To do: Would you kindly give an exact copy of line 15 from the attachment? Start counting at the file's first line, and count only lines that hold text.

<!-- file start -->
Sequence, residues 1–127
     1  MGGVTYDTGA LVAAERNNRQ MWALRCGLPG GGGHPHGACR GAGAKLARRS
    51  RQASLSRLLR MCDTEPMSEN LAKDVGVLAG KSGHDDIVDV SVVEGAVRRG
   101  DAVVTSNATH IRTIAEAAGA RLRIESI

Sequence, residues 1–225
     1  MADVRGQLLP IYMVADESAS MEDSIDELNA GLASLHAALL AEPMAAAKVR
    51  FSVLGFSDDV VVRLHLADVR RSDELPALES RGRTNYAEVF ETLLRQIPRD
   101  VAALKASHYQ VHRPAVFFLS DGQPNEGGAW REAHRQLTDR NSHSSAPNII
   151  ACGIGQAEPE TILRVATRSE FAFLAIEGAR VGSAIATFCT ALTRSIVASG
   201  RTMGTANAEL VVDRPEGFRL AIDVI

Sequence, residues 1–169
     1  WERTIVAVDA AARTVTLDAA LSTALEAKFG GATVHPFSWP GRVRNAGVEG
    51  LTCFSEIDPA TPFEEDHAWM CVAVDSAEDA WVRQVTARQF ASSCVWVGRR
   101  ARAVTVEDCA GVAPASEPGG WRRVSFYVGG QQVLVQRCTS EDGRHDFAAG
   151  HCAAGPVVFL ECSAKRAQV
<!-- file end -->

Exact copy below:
   151  HCAAGPVVFL ECSAKRAQV